There are solutions available that can make this whole process a little easier. Password manager apps such as Lastpass, 1Password, and mSecure can automatically create complex, random passwords for your various accounts, and only require that you remember a master password to gain access. As you might expect all of these services don't come for free, but considering that in the UK alone last year there were over twelve million victims of cybercrime, costing upwards of £826 million, it looks like money well spent. If you don't want to pay then there are still the free options offered by the likes of Microsoft, Google, and Apple which can enable two-step verification. With this you'll need to enter a code sent to your mobile before you can log into your account. It's fast, a lot more secure, and pretty much universally ignored by the majority of users.

Of course passwords can be somewhat pointless if we get lazy in how we treat our data. Phishing attacks are still rife online, which suggests that enough people are falling for them to make it worth the (minimal) effort to keep sending out millions of spam emails  each day. They can be easily defeated if we just take a moment to think about what we're being asked to do. If you ever receive an email warning you that your account has been hacked, a complaint has been raised, or any other urgent provocation that causes you to immediately respond - don't panic. If there's a link in the email, never click it.

Navigate directly to the site in question by yourself and see if the email was telling the truth. The same applies on social networks if you receive private messages with links. Is the tone of voice the kind your friend would really use? Are they likely to send me this type of thing unsolicited? Criminals are not evil geniuses, they're opportunists. All they need is someone to be in too much of a hurry, or too trusting, and before you know it your money or identity can be digitally pickpocketed. If we make it hard for them, they usually move on to another target pretty quickly. You see...they're lazy too. This becomes especially relevant when we look at how mobile devices are changing our attitudes to safety.

In its annual security report Symantec, the company behind Norton, noticed a worrying trend emerging. Whereas most people are aware of the dangers that viruses and malware present on their computers, this knowledge somehow fails to make the transition to mobile devices. Of the smartphone users interviewed only 22 percent had any kind of security software on their device, while a whopping 54 percent didn't even know that such things existed. There are of course some mitigating circumstances: Apple's iOS is very difficult to hack due to its closed system, and this same walled-garden approach also means that you can't actually run anti-virus or malware-scanning apps its devices. Android is more open to attack, but is still a very safe system if users take the time to check what permissions apps ask for.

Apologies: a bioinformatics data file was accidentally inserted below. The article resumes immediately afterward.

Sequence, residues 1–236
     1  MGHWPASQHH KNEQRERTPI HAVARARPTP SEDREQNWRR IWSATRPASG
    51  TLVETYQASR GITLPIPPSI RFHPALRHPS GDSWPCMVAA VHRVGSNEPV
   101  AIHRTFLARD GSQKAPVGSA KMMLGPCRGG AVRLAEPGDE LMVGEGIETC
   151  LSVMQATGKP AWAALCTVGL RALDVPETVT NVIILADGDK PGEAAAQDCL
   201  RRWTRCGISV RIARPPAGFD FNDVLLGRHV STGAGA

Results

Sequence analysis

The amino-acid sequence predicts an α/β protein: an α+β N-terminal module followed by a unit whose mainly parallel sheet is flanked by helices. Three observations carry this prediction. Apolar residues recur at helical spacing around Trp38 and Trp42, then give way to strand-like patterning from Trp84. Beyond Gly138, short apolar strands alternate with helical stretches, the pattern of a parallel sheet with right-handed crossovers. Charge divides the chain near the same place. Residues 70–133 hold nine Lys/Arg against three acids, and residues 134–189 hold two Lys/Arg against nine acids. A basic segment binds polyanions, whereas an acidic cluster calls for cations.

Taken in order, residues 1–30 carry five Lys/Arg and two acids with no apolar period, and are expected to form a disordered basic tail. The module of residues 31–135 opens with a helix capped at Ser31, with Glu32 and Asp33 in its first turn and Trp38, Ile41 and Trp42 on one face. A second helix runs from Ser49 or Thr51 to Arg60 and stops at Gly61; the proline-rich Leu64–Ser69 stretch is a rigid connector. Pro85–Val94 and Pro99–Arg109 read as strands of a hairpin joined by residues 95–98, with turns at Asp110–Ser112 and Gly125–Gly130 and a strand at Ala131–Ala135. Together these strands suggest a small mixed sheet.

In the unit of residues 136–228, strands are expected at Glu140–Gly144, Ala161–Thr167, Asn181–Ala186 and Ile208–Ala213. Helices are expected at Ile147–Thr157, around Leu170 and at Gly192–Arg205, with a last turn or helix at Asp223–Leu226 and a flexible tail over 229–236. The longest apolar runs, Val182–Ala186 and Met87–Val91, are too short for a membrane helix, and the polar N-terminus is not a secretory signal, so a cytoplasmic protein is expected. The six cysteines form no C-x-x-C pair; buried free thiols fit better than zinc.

If you don't see how a calculator should need access to your phone, contacts, and account details - don't download it. We need to adopt this kind of 'considered purchase' mindset if we hope to avoid a security breach sooner or later. At the very least put a passcode on your device, unlike the 30 percent of users who currently don't bother, so that if your very stealable device ends up in the hands of a neredowell it will not yield up its data too.

In the Symantec report were figures which showed that smartphones and tablets are becoming more attractive targets for criminals, with 25 percent of users suffering at least one successful attack in 2013. As we move into the post PC era it's vitally important we remember that even though these devices are much simpler than our old desktops, they are still hugely powerful creations that can be used to gather information against their users if we don't remain vigilant. The internet is the same whether we access it from a laptop or a tablet, and the passwords we use can easily be stolen by the chap at the table behind you in the coffee shop running a snooping program on the free, open, Wi-Fi connection you're both using. Having constant access to the digital superhighway is a wonderful thing, let's just make sure we don't fall asleep at the wheel.